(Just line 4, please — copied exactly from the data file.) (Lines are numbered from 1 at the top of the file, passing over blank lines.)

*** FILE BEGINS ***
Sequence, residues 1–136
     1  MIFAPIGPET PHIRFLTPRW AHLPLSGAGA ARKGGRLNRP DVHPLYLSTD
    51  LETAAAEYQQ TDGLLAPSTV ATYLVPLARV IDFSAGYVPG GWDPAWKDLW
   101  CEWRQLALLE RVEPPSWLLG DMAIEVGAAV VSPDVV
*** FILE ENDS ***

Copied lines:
   101  CEWRQLALLE RVEPPSWLLG DMAIEVGAAV VSPDVV